Monday, March 21, 2011

Jour du Macaron

Yesterday was the annual Jour du Macaron, another excuse for those crazy for the little almond-based sandwich cookies to go whole hog.  A number of the top macaron makers in Paris were offering a taste of their wares for free, and I'm willing to bet that there were lines out the door at Pierre Hermé's various locations.  (For the record, Laduree was not an official participant in this global celebration.)  For my part, I took a long walk up to the 18th with one of my kids to the shop of Arnaud Larher where we were treated to a strawberry yogurt flavored confection.

And you know what?  That pretty much satisifed my craving for macarons for this year. Which brings me to this confession:  I'm not really all that wild about a lot of the pastries in Paris.  Now don't get me wrong. I love the boulangerie -- the yeasty smell of baking, the crunch of a still warm baguette, the sinfulness of a still warm flaky pain au chocolat or croissant, and even the occasional tarte citron or one piled high with fresh strawberries or raspberries.  But the rest?
 
The thing is I'm not a huge chocolate person (which is something of a sacrilege in these parts) and those mounds of gooey cream that you'll find in an eclair, millefeuille, or Paris Brest don't really do it for me either.  And while I freely admit that the cakes in the window often look spectactular, the visual artistry usually outweighs the actual taste.   If you don't agree with me, that's fine.  Look at it this way -- that's one more pastry for you.

9 comments:

Lindsey said...

You're not alone. I enjoyed getting free macarons but they're not my favorite. I like looking at them more than eating them (I don't like the after taste). Same is true for most pastries. I often find them too rich and too delicate to eat! Now about chocolate.... that's where you and I differ =)

debbie in toronto said...

I also agree...the macs are beautiful to look at and I love the "idea" of them but they are just too sweet for me

But chocolate...Anne ...it's just too good...

Elizabeth said...

I am a macaron freak. I spent Saturday on a pilgrimage to find macarons in metro DC (and wrote a little blog about it). Maybe you haven't found the right flavor yet?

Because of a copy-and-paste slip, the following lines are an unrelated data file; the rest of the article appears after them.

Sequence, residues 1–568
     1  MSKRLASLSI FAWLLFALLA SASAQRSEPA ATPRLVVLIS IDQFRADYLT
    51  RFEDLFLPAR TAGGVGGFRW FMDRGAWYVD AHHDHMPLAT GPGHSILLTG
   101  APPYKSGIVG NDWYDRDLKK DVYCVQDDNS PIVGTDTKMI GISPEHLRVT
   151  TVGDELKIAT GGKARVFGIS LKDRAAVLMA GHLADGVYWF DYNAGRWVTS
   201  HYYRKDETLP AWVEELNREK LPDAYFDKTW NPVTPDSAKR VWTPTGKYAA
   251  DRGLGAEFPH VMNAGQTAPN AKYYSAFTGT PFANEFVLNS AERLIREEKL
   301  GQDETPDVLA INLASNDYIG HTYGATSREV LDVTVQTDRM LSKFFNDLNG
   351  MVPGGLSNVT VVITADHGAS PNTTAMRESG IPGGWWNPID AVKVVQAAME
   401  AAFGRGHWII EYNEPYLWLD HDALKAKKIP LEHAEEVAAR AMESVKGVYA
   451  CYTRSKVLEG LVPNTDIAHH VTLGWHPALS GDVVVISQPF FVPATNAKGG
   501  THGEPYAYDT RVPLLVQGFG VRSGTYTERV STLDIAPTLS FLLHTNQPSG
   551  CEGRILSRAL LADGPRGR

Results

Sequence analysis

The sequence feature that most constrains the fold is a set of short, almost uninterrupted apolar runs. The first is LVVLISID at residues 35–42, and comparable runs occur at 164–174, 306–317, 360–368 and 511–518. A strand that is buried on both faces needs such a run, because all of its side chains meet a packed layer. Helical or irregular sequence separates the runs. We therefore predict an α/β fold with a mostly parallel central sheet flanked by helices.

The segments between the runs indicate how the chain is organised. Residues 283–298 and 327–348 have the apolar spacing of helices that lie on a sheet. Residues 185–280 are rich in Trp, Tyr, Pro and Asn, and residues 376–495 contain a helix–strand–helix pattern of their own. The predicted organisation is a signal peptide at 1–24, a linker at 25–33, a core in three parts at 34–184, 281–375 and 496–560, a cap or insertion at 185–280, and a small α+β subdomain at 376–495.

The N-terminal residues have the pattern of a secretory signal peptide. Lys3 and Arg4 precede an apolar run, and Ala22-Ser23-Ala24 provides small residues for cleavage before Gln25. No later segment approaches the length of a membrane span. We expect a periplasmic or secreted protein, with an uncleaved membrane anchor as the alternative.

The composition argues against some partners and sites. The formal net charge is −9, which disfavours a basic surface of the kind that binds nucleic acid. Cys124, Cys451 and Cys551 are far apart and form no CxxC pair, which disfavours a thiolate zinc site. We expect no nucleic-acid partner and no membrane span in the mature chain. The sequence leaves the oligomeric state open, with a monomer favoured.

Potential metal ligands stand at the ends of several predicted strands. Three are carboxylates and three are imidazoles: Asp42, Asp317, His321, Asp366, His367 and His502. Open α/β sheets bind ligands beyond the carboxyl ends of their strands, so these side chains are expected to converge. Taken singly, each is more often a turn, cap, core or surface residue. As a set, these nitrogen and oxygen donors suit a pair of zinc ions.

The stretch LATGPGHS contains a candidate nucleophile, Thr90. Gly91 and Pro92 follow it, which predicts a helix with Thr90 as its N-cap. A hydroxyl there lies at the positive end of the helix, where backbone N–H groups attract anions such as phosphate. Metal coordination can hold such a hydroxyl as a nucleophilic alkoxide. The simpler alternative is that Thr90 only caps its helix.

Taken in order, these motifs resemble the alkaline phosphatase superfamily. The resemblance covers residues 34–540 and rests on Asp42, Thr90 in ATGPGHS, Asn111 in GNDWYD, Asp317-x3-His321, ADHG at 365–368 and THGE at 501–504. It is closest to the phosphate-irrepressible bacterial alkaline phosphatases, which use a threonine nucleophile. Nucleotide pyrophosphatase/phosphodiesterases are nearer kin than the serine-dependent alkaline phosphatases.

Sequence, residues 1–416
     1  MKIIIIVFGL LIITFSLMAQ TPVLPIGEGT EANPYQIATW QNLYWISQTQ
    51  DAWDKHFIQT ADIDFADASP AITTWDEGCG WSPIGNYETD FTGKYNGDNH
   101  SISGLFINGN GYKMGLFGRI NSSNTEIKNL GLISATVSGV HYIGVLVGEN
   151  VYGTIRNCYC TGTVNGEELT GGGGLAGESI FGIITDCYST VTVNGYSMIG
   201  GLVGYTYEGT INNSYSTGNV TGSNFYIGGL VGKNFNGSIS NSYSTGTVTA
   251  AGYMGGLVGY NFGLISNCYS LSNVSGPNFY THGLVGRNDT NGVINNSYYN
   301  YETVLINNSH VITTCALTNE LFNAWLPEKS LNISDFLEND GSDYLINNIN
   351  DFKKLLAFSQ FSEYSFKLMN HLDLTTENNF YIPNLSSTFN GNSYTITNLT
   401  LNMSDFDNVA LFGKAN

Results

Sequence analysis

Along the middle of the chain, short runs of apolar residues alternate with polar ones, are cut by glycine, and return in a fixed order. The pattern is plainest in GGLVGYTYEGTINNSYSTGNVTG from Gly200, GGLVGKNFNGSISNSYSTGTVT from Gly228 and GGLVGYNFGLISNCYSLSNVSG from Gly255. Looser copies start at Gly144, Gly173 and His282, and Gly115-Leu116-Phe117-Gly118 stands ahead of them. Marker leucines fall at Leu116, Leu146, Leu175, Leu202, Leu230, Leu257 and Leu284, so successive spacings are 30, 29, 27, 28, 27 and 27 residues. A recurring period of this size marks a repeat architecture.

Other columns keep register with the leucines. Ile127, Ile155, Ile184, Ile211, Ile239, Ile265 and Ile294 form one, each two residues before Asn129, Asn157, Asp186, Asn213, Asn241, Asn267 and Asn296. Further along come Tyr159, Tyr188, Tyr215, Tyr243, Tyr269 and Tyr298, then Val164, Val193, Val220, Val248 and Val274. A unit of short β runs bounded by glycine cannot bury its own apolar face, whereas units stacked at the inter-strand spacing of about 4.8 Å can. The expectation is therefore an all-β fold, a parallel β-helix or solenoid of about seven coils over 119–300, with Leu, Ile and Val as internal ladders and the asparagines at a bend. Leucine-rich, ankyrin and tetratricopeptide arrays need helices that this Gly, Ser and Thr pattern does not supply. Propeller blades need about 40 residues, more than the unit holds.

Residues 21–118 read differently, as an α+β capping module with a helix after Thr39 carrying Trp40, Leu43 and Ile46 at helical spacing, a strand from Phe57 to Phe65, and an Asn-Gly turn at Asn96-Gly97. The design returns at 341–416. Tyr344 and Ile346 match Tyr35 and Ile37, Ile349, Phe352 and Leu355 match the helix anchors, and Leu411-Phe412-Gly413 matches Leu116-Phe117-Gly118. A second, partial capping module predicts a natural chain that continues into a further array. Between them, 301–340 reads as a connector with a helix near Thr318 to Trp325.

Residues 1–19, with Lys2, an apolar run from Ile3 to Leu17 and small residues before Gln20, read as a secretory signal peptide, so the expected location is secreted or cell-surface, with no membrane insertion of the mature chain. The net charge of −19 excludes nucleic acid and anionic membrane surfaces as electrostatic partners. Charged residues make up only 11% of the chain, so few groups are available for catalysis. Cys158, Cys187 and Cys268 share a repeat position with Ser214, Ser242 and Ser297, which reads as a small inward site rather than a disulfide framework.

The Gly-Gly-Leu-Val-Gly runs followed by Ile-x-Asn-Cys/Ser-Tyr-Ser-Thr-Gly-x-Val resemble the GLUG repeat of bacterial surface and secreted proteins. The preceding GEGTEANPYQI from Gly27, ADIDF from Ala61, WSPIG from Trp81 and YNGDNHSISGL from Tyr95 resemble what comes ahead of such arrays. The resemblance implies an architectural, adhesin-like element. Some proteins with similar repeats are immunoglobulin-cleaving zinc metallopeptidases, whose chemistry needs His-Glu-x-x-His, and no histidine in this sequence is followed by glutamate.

FrenchTwistDC said...

well, you can't really blame laduree for not participating in a holiday that was started by Pierre Herme now can you?? ;-)
we had 2 bakeries participate in DC. It's a start!!

Wendy said...

I agree with you. I've had many a pastry that looked far better than it tasted. I do like Macarons though, but only when they aren't cloyingly sweet. In Chicago they're popping up all over the place, but most are just too sweet.

Peter (the other) said...

So refreshing... someone who says what you think but hadn't really dared to say...

It is my opinion that many local combined boulangerie/pâtisserie places tend not to do much of their own pâtisserie baking, so like many of the chinese traiteurs (who also bring in their foods preprepared at a central kitchen), a "meh" experience at best. Too, the French baking establishment is so traditional that after some time the same ol' usual pâtiserie suspects don't maintain their allure.

My particular "madeleine" is a coffee or mocha creme (more Viennese) cake as I experience as a child in the 50s-60s while visiting Europe with my parents. It remains an unfindable paragon. That some 30 years of cigarette smoking and alcohol swilling may have destroyed the tasting tools necessary... ah, another story. But good bread makes up for most anything in life...

Starman said...

Pastries in Paris are like so many other things, you have to be picky because, as you stated, they aren't all the same. One can get a bad pastry anywhere, and that includes Paris.

Eli said...

one year I will be able to follow the macaroons!

Personally I detest anything too sweet like cupcakes.

and in my opinion the words 'white' and'milk' do not precede the word 'chocolate'

Anonymous said...

Love your blog!
Everyone should know that the Jour du Macaron is above all about a good and charitable cause.
Pierre Herme gives away 3 of his macarons to anyone who comes to one of his boutiques on that day. But he requests that anyone who accepts these treats make a contibution of any amount to a charity to fight rare disease. This year, every centime is going to research for Williams-Beuren Syndrome, a rare chromosome disorder.
Each participating patissier does things their own way, but they all contribute proceeds to the designated charity.

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